Kilen is a semi-nunatak in the Flade Isblink icecap in eastern North Greenland with exposures of Mesozoic sedimentary rocks, which are part of the Wandel Sea Basin. Cretaceous marine mudstones and interbedded sandstones of the Galadriel Fjeld and Sølverbæk formations are thrusted and folded in large open folds at Gåseslette in the southeastern part of Kilen. Steeply dipping strata, reflecting parasitic folds and small-scale thrusts, are exposed in low cliffs along a c. 9 km NNW–SSE stretch of the Sølverbæk river. The present study is a case study of the thermal history of these outcrops, called the Sølverbæk section. The burial temperatures are calculated from vitrinite reflectance (R o) values. T max-measurements from Rock-Eval type pyrolysis correlate with the R o-values. The latter reflects the large-scale folds with higher temperatures in anticlines and lower in synclines. The sedimentary successions are dated on basis of dinoflagellate cysts, inoceramid bivalves and ammonites. The dataset demonstrate a correlation between the T max -measurements, maximum burial temperatures, and the preservation of dinoflagellate cysts. The burial temperature at the boundary between the Kangoq Ryg Member and the Sølverbæk Formation varies laterally through a restored section and suggest that the northern part of the section was c. 30° hotter than the southern part prior to folding. Five events are distinguished in the thermal history of the Sølverbæk section: (1) Deposition, (2) rotation of the succession, (3) thermal imprinting, (4) uplift, folding and thrusting, (5) final uplift and erosion up to present day. Following a recent structural model for Kilen events 1–3 are interpreted to be caused by Late Cretaceous rifting where (3) represents maximum burial during rifting. Event 4 is explained by basin inversion of presumed Paleocene–Eocene age.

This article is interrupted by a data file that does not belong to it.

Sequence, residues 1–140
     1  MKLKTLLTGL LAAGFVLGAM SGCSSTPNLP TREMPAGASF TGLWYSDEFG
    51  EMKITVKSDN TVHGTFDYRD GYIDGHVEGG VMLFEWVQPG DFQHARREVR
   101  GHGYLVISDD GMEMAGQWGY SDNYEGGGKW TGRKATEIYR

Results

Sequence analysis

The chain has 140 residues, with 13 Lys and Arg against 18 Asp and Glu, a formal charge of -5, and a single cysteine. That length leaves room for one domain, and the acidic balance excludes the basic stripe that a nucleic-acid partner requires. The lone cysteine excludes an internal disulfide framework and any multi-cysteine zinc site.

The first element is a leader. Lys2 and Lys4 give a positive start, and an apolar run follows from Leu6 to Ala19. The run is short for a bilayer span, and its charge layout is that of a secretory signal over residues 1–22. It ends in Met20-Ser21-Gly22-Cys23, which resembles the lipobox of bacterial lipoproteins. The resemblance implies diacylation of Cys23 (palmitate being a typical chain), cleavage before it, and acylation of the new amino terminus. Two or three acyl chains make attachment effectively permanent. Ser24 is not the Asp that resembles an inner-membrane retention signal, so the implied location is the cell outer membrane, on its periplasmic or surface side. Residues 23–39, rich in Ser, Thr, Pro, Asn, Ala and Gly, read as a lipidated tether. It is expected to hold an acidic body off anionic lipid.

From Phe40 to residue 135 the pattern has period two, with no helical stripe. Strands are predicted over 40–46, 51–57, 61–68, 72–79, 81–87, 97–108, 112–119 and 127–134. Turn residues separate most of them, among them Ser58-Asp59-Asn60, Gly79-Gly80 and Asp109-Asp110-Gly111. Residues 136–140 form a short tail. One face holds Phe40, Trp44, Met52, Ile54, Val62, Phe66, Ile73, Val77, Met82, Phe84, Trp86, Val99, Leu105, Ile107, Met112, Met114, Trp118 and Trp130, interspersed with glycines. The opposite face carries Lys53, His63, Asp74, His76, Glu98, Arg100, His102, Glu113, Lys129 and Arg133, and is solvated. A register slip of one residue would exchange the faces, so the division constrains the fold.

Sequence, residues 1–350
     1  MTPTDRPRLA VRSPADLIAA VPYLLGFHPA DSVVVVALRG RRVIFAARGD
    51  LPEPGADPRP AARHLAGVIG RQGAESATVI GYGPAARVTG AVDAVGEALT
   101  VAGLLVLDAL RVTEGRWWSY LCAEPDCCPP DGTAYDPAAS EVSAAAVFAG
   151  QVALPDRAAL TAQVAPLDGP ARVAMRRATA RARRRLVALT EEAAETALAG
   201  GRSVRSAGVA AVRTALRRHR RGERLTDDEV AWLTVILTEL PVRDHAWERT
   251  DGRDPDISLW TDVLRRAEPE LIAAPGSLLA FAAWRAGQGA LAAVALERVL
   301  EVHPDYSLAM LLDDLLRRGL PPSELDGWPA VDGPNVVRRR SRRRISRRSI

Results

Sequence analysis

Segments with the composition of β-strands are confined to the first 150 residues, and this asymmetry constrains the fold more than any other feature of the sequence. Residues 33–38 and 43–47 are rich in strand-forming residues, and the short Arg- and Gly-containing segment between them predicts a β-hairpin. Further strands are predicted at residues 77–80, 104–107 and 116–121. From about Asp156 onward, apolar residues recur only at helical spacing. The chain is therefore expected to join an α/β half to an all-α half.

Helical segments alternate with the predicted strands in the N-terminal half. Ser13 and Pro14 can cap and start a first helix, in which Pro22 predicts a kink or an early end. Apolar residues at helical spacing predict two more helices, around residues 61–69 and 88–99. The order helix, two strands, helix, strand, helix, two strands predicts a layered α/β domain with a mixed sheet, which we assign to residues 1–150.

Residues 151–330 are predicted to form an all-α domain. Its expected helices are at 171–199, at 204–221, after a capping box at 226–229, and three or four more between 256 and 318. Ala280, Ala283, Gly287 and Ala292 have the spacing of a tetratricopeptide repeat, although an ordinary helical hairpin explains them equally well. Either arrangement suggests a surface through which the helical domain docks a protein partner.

- Programområde 3: Energiressourcer